Saturday, June 5th, was National Prairie Day – and a reminder of the complicated relationship with the practice of sodbusting.
Sodbusting is a celebrated milestone in North Dakota’s culture. Plowing dirt to feed the world not only sustained individual farmers and their families in the toughest of times, it remains a significant driver in the state’s economic engine. Sodbusting is such a rich part of North Dakota history that, as tribute, a statue was commissioned and has been a prominent fixture to downtown Fargo’s landscape for decades. Where most see a well-deserved tribute to the farming community, though, I see a heartbreaking reminder of the unintended cost of breaking prairie.
Prairie, despite its appearance, is not just grass and weedy-looking wildflowers. Where corn seeds are planted, 12 feet of carbon-storing roots, responsible for filtering water, are unearthed. Where life begins to sprout, centuries worth of the soil it needs to grow blow away in one afternoon. Where the food that feeds us is harvested, the golden wave of prairie that North Dakota was known for is diminished to less than 3% of its original acres remaining. The wildlife and global environmental implications of our sodbusting ways are profound.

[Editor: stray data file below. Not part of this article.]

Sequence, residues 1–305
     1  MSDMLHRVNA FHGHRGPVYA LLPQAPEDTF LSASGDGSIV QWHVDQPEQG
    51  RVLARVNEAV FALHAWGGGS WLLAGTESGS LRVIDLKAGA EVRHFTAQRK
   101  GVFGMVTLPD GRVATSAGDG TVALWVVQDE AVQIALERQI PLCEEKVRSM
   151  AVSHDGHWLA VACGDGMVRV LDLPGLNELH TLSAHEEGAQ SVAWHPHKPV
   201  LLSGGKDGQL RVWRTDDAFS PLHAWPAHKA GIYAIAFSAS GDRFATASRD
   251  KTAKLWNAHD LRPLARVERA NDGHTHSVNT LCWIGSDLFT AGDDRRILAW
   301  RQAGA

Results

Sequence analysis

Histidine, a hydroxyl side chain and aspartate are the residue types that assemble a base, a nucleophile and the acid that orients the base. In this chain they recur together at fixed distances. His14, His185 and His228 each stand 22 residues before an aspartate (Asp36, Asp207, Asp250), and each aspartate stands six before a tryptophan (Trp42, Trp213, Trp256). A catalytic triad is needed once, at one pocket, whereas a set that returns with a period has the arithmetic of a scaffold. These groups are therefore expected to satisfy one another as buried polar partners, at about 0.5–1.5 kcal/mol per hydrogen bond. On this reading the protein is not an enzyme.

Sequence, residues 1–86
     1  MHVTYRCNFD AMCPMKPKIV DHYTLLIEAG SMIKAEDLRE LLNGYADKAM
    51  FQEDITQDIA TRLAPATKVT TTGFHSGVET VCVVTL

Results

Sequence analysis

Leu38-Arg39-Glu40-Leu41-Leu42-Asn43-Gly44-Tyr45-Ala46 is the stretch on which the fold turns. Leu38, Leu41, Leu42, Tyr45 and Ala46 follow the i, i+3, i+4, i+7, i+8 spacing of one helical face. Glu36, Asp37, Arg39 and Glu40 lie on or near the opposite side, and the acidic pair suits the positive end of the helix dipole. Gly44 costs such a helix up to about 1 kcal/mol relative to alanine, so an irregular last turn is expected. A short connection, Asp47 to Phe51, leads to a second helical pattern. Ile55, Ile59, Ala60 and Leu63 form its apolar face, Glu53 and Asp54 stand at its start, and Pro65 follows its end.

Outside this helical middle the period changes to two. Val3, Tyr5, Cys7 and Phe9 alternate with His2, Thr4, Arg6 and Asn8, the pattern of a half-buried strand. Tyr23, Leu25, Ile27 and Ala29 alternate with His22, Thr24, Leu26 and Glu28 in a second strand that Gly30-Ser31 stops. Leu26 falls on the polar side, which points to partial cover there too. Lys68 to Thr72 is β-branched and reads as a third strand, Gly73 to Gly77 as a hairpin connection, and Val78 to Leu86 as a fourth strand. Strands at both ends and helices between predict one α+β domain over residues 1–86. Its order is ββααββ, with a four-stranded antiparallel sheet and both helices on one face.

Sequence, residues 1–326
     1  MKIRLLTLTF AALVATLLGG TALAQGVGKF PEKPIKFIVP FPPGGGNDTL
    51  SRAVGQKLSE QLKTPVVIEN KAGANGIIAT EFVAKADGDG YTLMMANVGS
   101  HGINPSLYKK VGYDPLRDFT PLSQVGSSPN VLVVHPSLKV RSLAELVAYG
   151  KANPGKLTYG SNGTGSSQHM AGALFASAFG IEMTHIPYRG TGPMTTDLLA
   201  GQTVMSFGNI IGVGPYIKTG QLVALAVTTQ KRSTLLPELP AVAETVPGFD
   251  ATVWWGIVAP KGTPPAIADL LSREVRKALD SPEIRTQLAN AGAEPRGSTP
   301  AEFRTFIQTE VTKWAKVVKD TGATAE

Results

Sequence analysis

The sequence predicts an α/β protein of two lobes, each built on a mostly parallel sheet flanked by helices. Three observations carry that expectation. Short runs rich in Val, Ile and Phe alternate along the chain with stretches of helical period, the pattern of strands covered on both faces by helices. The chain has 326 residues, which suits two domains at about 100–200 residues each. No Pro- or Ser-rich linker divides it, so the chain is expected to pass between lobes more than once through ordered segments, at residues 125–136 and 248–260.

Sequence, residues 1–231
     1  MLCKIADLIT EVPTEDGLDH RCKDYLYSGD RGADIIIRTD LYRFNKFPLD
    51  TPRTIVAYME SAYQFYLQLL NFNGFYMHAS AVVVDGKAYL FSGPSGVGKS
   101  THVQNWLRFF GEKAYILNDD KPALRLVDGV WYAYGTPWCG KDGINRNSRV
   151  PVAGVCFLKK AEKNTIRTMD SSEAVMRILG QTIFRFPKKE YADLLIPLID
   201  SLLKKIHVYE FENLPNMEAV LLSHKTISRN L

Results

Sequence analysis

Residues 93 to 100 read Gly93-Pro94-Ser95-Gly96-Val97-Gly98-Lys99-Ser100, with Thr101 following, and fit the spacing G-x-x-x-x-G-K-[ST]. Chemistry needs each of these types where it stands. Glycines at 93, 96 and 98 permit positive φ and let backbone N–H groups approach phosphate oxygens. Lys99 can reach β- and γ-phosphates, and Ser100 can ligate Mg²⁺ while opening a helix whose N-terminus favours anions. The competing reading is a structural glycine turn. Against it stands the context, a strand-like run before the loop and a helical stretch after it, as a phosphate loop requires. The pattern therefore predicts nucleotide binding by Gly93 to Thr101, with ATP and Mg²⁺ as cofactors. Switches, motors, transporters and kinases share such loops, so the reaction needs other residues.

Without a doubt, farmers and their sodbusting legacy hold a place of honor and respect. Their contributions to dinner tables and fuel tanks across the globe are unequivocally appreciated. As with all complicated relationships, though, their efforts are not without consequence. In this case, that consequence is the form of lost ecosystem benefits and habitat that is only provided by prairie. Let us take a moment to mourn the landscape that has been sacrificed to sodbusting while celebrating the prairies and their stewards that remain!
Jodi Meisch lives in Mapleton, N.D.
This letter does not necessarily reflect the opinion of The Forum's editorial board nor Forum ownership.